Another phase of the recovery from the historic spring flood has started – the race to repair and rebuild the levee system that was strained by the high water, and the political process to pay for it.
Relentless spring rainfall in the Lower Mississippi Valley combined with annual snow melt in the upper Midwest filled the Mississippi River with more water than it had seen since floods of 1927 and 1937.
The result was disastrous: Millions of acres of crops from Missouri to New Orleans ruined, homes and businesses destroyed and a levee system that in spots is in need of major repair.
Save the Delta, a grassroots campaign started while the water was still high, is an organization working on behalf of the Memphis-based Mississippi Valley Flood Control Association to push Congress for funding to completely rebuild or otherwise repair the mainline river levee system and the backwater levees in the Lower Mississippi Valley. The Lower Mississippi Valley stretches from Southeast Missouri to New Orleans.
Congress has already appropriated some money for levee repair. On Sept. 7, $4.86 billion was allocated for U.S. Army Corps of Engineers water projects. It included $1.3 billion for work on the Mississippi River and Tributaries Project, a government flood control program launched in 1928.
Save the Delta has a goal of $3 billion to completely restore the levees of the Lower Mississippi Valley to pre-flood condition.
In Mississippi, the Vicksburg District of the Corps of Engineers has just started letting contracts to repair its part of the mainline and backwater levee systems.
Kavanaugh Breazeale, District spokesperson, said last week a $3.1 million contract was awarded recently to fix two seepage areas near Eagle Lake, an area between Vicksburg and Yazoo City that was among the hardest hit by the flood.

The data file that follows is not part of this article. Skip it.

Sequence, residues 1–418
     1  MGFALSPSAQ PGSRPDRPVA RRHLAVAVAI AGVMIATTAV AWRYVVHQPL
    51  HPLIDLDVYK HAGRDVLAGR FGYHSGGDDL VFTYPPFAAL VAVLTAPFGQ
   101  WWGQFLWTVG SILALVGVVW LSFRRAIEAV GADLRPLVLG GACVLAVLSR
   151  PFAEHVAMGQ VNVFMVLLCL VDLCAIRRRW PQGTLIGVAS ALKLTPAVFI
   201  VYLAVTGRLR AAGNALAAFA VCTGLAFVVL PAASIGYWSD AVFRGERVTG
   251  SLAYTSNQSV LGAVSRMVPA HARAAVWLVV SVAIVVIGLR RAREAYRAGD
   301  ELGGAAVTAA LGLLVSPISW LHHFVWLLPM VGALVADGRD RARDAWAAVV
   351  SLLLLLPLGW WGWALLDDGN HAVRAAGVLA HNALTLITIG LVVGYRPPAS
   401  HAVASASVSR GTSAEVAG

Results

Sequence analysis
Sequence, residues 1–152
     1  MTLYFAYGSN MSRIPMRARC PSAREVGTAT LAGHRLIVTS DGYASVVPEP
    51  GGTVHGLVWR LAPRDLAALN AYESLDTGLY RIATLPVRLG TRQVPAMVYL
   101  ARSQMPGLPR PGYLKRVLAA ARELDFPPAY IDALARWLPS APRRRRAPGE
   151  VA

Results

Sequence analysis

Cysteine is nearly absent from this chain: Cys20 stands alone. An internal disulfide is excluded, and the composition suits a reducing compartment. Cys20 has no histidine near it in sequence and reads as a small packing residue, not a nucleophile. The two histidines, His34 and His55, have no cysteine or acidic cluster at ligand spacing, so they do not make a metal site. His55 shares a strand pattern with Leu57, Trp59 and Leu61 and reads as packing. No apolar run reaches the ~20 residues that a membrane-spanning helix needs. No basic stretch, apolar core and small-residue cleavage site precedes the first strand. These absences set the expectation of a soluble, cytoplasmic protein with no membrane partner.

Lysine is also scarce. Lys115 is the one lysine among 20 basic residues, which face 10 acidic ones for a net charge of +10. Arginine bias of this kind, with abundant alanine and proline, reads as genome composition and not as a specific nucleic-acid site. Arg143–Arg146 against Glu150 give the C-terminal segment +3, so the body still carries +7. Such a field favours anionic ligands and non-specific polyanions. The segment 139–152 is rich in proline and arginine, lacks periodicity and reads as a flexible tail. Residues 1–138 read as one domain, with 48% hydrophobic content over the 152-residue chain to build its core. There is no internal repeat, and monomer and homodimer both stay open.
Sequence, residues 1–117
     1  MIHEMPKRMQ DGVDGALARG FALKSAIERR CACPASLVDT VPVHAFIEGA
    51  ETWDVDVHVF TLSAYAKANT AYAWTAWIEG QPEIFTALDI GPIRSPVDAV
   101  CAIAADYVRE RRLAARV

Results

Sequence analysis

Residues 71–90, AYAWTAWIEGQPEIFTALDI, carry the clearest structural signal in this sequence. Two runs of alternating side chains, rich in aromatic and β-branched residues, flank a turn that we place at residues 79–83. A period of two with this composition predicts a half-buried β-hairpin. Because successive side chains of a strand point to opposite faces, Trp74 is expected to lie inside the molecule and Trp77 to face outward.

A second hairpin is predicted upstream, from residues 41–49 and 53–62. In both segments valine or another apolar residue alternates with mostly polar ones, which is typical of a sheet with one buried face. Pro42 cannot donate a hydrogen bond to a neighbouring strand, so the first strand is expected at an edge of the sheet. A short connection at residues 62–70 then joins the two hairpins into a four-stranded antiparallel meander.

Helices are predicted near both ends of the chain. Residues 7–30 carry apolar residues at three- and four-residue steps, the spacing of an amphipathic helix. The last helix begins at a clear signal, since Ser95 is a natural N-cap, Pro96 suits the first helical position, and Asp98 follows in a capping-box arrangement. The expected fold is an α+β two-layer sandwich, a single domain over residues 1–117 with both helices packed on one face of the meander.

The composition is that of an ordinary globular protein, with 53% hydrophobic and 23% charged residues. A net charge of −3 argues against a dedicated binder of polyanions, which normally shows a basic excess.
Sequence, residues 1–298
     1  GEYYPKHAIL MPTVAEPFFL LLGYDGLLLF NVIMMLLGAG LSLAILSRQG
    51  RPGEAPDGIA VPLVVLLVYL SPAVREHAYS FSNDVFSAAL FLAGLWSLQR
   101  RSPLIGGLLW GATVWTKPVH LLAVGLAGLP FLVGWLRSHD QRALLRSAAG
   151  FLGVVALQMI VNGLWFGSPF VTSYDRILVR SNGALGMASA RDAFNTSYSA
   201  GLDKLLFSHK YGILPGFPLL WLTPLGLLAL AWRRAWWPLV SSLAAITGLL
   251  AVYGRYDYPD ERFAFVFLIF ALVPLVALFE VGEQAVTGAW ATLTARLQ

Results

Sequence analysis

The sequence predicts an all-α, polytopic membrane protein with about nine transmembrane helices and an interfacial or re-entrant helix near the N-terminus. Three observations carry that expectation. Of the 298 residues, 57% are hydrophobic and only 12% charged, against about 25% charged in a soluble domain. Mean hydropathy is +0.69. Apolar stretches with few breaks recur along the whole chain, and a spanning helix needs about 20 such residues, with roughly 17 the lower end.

Breazeale said the Corps was still evaluating levee systems up and down the river in Mississippi and elsewhere to see exactly how much damage was done, and compiling a list of areas that should be prioritized for repair before next spring’s flood season.
“It’s an ongoing process,” Breazeale said. “Experts are out there now still trying to find out what needs to be done, what can wait and what can’t. There’s still an ongoing assessment and that goes for Vicksburg as well as the whole division from Canada to New Orleans and everywhere in between. There is no number (for a total price tag) yet, but it’s still growing.”
During a Senate subcommittee hearing in July, Sen. Thad Cochran said the mainline levee system, which runs along the Mississippi River, did its job, preventing floodwaters from reaching people and property on the non-river side. Most of the serious flooding, he said, was along the backwater levees that abut the smaller rivers and streams that make up the Mississippi’s spider web of tributaries.
“The situation prompts me to question whether or not we need to go back to the drawing board to see what could be done to protect more people from this kind of disaster,” Cochran said.
Mississippi Emergency Management Agency director Mike Womack said in that same hearing that a lot of existing backwater flood-control infrastructure “was not enough to protect the citizens.”
Womack singled out the Yazoo River Basin, in the South Delta, as an example of an area whose flood-control infrastructure was exposed as inadequate. Water overtopped the Basin’s levee in several spots.
Cochran spokesperson Chris Gallegos said in an email to the Mississippi Business Journal that it was likely Congress would approve some form of additional disaster relief funding for the Corps of Engineers, perhaps as early as this week. It could come in the form of a stand-alone bill, he wrote, or as part of a continuing resolution designed to keep the federal government running after the Sept. 30 end of fiscal year 2011.